"Women & Socialism" by Sharon Smith is an enlightening series of essays on the topic of women's struggle for liberation. In an engaging and accessible writing style, Ms. Smith analyzes the class basis of women's oppression and discusses how building a socialist society is critical to achieving equality between the sexes. The book is refreshing in its ability to wade through the current feminist intellectual impasse and presents a clear-cut vision of how to achieve meaningful change for men and women everywhere.

Ms. Smith centers her analysis in Frederick Engels' groundbreaking work on historical materialism. Engels understood that the burden of domestic production falls on women and provides capital with a cheap means of reproducing labor power and allowing men to dominate the production and distribution of surplus value and culture. This relegates women to a subordinate status within the nuclear family and is often characterized by sexual exploitation. But through socialism, women can achieve equality by lifting the burden of privatized production.

In fact, the positive example provided by Russia's experience in the early years of the 1917 revolution supports the theory that socialism can measurably improve women's lives. Ms. Smith provides evidence of how Lenin and others in the revolutionary government specifically sought to empower women through unprecedented legislation that was in accordance with Marx and Engels' theories; unfortunately, these substantial gains were lost when Stalin rolled back these particular laws during the counterrevolution.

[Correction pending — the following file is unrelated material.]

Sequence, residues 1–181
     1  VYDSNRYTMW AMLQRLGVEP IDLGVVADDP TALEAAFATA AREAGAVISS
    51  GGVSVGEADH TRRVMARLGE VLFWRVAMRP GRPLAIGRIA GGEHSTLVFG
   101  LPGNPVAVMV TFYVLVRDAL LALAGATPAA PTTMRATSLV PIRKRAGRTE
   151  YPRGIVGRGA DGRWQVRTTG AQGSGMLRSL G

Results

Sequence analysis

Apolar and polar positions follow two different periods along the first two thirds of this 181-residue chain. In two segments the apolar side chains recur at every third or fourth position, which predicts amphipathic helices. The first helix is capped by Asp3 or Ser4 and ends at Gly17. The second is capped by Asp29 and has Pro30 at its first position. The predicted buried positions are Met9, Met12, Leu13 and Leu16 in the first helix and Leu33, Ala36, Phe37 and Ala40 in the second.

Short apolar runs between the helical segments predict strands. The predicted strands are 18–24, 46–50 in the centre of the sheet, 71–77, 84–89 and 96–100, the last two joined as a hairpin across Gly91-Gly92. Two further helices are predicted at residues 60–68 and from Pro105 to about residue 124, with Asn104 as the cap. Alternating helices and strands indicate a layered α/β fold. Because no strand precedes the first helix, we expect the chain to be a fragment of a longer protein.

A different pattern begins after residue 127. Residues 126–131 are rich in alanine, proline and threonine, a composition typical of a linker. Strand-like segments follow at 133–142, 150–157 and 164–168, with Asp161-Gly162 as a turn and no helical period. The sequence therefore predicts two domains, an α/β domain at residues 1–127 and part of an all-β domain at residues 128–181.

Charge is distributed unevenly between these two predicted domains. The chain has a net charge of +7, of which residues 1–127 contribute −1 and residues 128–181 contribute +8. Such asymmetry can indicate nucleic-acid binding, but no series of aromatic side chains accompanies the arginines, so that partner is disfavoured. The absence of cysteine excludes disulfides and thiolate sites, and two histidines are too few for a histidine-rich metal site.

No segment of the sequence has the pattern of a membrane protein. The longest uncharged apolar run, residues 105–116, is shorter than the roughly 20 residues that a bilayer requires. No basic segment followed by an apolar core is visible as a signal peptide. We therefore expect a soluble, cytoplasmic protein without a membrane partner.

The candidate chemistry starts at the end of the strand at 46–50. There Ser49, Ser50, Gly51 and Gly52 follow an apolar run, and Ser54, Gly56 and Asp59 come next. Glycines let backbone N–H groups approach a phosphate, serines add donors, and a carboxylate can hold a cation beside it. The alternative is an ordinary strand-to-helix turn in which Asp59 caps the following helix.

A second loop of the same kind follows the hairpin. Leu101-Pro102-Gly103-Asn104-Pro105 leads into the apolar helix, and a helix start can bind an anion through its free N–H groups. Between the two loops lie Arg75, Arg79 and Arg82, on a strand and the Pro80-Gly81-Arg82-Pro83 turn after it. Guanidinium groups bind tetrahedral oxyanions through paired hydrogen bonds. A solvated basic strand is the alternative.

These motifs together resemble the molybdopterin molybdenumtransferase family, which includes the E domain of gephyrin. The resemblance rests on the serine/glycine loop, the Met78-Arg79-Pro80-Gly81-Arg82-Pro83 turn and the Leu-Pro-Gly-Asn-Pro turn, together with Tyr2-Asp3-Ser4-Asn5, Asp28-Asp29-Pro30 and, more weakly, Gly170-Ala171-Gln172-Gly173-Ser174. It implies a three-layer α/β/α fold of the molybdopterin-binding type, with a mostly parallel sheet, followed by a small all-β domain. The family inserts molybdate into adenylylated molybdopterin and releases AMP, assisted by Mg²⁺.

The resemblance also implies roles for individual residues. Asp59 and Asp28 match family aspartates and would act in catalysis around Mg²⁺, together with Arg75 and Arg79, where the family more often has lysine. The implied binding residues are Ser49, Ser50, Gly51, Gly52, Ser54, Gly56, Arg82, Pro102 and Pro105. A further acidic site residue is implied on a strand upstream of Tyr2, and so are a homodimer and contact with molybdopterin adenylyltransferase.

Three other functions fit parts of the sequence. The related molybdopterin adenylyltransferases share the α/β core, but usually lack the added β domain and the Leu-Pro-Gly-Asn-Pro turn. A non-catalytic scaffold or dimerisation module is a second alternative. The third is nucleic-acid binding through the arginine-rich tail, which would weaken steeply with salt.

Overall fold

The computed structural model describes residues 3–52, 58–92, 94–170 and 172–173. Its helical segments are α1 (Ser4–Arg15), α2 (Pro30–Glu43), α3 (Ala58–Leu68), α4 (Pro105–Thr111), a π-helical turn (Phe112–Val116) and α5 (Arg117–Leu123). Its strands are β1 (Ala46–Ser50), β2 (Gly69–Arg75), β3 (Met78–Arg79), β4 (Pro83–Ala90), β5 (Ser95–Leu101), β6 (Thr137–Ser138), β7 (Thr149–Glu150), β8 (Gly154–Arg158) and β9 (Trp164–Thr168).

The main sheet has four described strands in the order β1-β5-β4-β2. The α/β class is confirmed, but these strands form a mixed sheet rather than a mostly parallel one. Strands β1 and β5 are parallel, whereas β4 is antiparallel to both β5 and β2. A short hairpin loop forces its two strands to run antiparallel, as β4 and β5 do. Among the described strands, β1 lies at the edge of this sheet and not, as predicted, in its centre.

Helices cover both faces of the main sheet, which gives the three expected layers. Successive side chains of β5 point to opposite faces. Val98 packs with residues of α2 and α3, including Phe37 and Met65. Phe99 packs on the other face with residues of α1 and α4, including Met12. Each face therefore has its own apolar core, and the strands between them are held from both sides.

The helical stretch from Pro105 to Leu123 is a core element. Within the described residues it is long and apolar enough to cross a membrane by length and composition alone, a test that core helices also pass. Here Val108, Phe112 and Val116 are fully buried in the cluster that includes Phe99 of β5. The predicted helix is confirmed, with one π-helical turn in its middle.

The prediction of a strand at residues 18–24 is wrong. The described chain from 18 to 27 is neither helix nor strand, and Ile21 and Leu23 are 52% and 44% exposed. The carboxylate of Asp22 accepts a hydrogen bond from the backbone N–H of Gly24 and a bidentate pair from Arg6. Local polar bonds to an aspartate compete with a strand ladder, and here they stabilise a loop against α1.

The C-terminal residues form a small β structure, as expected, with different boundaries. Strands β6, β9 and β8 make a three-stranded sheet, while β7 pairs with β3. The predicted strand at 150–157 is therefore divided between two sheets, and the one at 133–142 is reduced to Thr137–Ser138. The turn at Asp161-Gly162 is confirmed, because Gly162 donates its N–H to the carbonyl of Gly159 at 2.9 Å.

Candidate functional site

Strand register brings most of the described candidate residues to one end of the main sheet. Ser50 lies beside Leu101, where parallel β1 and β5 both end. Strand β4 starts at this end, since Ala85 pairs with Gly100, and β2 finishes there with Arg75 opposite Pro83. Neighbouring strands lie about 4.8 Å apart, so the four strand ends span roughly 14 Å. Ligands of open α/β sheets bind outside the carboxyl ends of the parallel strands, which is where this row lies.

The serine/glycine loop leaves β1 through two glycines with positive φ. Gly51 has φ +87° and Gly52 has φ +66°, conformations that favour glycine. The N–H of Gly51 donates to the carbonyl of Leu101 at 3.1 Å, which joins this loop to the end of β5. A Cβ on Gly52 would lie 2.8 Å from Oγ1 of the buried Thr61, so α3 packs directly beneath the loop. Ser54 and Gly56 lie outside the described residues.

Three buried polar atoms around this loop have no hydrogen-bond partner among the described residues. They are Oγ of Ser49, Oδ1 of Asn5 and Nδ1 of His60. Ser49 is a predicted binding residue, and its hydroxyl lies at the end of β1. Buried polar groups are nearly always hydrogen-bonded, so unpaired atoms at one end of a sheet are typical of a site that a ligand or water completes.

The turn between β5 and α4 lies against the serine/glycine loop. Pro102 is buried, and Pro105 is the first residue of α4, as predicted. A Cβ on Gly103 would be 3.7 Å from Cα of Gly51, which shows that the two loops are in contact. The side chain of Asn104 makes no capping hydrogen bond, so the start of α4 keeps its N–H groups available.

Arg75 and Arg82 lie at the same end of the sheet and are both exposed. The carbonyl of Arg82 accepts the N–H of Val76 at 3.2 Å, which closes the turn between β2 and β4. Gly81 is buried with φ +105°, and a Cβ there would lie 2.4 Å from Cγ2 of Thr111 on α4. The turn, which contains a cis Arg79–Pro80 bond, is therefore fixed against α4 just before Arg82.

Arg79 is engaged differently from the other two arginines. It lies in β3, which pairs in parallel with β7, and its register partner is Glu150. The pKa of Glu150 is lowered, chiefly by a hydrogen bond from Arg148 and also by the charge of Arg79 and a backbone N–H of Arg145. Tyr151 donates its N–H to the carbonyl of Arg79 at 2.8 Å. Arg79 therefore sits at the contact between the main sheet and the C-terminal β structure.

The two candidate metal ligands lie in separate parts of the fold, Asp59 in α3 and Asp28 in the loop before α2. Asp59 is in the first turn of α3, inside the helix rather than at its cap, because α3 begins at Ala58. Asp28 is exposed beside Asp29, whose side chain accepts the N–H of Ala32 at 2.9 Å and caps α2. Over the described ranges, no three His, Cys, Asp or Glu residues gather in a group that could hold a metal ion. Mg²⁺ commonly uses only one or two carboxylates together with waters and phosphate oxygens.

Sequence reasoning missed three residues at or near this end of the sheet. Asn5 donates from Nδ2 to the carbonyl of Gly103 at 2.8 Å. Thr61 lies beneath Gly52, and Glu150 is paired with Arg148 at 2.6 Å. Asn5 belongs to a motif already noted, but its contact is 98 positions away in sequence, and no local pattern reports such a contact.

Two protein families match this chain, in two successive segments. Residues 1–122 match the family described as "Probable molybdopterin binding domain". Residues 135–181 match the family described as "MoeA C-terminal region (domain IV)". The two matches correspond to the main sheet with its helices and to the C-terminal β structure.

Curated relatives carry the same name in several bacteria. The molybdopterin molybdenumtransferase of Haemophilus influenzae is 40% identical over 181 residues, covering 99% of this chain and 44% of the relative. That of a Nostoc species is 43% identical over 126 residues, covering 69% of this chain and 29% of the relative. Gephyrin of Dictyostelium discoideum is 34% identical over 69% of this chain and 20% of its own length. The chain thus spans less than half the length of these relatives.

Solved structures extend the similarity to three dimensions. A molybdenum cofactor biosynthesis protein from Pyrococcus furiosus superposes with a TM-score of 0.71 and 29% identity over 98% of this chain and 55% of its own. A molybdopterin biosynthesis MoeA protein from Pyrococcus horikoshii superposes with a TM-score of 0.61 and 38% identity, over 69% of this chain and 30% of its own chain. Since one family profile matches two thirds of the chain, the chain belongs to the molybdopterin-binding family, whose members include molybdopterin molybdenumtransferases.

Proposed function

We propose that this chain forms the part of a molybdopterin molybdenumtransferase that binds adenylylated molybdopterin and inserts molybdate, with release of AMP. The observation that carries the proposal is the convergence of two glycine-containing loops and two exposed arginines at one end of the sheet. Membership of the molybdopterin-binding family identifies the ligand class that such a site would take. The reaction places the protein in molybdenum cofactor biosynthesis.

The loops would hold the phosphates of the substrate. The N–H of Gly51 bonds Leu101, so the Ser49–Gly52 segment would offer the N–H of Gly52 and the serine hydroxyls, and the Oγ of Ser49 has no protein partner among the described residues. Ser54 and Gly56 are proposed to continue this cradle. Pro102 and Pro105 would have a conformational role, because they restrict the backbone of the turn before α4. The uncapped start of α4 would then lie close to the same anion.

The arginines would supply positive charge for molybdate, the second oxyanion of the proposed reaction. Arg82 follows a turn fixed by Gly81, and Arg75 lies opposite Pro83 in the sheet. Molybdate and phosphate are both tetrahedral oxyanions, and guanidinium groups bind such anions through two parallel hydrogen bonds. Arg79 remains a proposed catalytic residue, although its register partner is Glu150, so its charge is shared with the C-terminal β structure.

After reminding us that many of Russia's bourgeois feminists supported Stalin's reimposition of classism, Ms.
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Format: Paperback
Sharon Smith's Women and Socialism, a collection of essays on women's liberation, is an indispensable critique of the systemic roots of women's oppression, and the limitations of liberal feminism in combating it. The volume is all the more valuable because the war currently being waged against women's rights demands the response of a massive grassroots movement that understands the true nature of its enemy.